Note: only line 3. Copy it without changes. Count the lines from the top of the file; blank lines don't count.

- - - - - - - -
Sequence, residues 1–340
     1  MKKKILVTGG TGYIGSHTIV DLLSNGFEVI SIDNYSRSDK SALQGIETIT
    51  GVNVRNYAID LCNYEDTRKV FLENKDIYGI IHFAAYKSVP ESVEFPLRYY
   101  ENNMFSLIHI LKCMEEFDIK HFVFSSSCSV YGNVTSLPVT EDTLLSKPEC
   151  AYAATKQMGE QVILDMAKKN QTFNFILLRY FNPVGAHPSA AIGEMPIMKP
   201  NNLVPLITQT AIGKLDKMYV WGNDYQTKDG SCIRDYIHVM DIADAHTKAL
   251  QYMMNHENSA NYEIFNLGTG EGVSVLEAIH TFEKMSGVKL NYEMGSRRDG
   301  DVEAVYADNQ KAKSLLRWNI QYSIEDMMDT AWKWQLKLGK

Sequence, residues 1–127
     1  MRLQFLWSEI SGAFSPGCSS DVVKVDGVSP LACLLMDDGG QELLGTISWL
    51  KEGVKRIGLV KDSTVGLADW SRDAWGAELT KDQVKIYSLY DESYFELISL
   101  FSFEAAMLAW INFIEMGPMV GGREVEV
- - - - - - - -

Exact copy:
    51  GVNVRNYAID LCNYEDTRKV FLENKDIYGI IHFAAYKSVP ESVEFPLRYY